What might accelerate the development of cancer therapeutics? Three-dimensional scaffolds, according to researchers at Rice University, the University of Texas MD Anderson Cancer Center, and Mount Sinai Medical Center. Their porous polymer scaffolds were designed to support the growth of biological tissue for implantation, and were used to culture Ewing’s sarcoma cells. The researchers say the scaffolds were effective at mimicking the environment in which such tumors develop.

“The scaffolds better recapitulate the microenvironment in which tumors grow, as compared with two-dimensional plastic surfaces typically used in cancer research to test anticancer drugs,” says Rice bioengineer Antonios Mikos, Ph.D., who led the research team with Joseph Ludwig, M.D., an assistant professor and sarcoma medical oncologist at MD Anderson. They note that although monolayer cultures recapitulate some of the phenotypic traits observed clinically, they are limited in their ability to model the full range of microenvironmental cues, such as ones elicited by 3D cell–cell and cell–extracellular matrix interactions.

“We’ve been working to investigate how we can leverage our expertise in engineering normal tissues to cancerous tissues, which can potentially serve as a better predictor of anticancer drug response than standard drug-testing platforms,” Dr. Mikos says.

By growing cancer cells within a three-dimensional scaffold rather than on flat surfaces, the team of researchers found that the cells bore closer morphological and biochemical resemblance to tumors in the body. Additionally, engineering tumors that mimic those in vivo offers opportunities to more accurately evaluate such strategies as chemotherapy or radiation therapies, he says.

Scaffolds fabricated in Dr. Mikos’ lab facilitate the development and growth of new tissue outside the body for subsequent implantation to replace defective tissues. The team found 3D scaffolds to be a suitable environment for growing Ewing’s sarcoma, the second most common pediatric bone malignancy. The tumor growth profile and protein expression characteristics were “remarkably unlike” those in 2D, Dr. Mikos comments.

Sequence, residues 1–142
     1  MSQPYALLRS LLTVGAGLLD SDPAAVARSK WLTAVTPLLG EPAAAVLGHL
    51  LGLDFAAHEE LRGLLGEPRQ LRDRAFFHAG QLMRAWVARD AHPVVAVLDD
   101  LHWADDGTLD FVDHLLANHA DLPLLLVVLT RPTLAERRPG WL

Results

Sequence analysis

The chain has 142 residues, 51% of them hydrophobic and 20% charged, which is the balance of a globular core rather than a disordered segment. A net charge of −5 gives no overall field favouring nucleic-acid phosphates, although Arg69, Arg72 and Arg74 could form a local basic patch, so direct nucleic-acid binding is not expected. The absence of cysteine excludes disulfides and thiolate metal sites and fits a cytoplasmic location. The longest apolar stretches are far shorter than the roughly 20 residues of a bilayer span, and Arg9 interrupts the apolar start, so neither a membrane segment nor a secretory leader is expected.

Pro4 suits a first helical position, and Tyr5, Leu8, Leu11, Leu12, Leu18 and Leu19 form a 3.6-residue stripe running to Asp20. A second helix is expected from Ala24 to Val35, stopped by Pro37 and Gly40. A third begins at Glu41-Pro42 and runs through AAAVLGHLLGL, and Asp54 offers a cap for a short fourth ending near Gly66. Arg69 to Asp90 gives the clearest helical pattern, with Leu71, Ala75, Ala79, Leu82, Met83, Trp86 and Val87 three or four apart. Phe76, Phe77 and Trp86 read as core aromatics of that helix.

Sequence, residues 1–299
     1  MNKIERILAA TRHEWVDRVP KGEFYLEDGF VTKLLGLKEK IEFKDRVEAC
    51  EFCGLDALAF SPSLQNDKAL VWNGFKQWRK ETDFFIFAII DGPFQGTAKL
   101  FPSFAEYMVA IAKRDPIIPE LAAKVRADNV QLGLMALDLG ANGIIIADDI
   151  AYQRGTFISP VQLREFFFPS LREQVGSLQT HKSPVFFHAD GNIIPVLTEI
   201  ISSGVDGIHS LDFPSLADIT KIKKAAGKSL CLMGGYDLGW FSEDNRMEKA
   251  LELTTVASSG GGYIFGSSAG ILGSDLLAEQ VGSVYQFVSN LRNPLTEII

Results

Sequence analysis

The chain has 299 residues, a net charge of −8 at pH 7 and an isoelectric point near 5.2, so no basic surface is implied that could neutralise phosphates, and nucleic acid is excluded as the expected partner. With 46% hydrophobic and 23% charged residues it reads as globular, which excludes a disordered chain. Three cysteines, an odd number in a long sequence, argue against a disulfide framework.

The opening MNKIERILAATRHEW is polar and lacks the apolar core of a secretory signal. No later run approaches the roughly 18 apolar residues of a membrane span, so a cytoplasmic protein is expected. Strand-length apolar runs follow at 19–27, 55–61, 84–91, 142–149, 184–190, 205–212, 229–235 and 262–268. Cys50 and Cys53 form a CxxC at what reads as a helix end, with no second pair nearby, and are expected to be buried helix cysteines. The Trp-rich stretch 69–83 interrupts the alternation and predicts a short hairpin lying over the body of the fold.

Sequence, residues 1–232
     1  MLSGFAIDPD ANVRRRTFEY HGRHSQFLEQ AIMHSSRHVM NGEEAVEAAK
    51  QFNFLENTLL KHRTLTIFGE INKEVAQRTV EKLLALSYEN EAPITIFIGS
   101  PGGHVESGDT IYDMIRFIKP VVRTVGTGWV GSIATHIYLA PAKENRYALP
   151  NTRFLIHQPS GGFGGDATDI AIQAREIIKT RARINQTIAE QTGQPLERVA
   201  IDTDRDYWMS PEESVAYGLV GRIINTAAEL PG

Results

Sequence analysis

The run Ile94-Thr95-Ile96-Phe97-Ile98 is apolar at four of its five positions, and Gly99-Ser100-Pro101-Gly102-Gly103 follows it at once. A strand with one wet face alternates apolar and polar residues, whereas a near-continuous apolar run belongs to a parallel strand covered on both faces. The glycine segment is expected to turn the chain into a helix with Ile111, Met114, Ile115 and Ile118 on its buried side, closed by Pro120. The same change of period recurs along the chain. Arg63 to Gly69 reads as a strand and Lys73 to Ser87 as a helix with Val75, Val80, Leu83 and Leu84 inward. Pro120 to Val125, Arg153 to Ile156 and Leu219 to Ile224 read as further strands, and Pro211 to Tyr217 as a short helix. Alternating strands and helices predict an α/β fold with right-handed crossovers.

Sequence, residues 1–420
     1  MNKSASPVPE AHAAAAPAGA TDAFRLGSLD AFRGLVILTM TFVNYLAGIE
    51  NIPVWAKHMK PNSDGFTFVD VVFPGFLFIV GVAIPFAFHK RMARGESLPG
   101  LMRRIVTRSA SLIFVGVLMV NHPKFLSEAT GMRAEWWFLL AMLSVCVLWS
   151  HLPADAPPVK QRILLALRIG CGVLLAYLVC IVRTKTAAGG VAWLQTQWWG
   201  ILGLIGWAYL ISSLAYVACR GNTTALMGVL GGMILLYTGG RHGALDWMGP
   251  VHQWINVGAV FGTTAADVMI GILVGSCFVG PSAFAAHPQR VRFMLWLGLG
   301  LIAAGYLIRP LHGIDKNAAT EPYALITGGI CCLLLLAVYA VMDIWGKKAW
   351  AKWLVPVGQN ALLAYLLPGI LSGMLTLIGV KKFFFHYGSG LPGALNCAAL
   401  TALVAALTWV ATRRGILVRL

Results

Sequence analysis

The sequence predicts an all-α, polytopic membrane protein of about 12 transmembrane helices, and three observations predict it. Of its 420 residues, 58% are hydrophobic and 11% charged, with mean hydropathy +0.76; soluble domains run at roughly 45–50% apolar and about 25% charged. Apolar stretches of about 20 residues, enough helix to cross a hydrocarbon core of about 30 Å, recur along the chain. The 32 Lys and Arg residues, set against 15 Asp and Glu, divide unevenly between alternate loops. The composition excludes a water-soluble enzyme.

They observed that Ewing sarcoma cells cultured in porous 3D electrospun poly(ε-caprolactone) scaffolds not only were more resistant to traditional cytotoxic drugs than were cells in 2D monolayer culture, but also exhibited remarkable differences in the expression pattern of the insulin-like growth factor-1 receptor/mammalian target of rapamycin pathway.

2D cultures may mask the mechanisms by which tumors develop resistance to anticancer therapeutics, they hypothesized, and “may lead to erroneous scientific conclusions that complicate our understanding of cancer biology,” they write.

The researchers’ next challenge is to customize scaffolds to more accurately match the actual conditions in which these tumors are found. “Tumors in vivo exist within a complex microenvironment consisting of several other cell types and extracellular matrix components,” Dr. Mikos said. “By taking the bottom-up approach and incorporating more components to this current model, we can add layers of complexities to make it increasingly reliable.

“But we believe what we currently have is very promising,” he says. “If we can build upon these results, we can potentially develop an excellent predictor of drug efficacy in patients.”

Their research appears online this week in the Proceedings of the National Academy of Sciences in a paper titled “Modeling Ewing sarcoma tumors in vitro with 3D scaffolds”.

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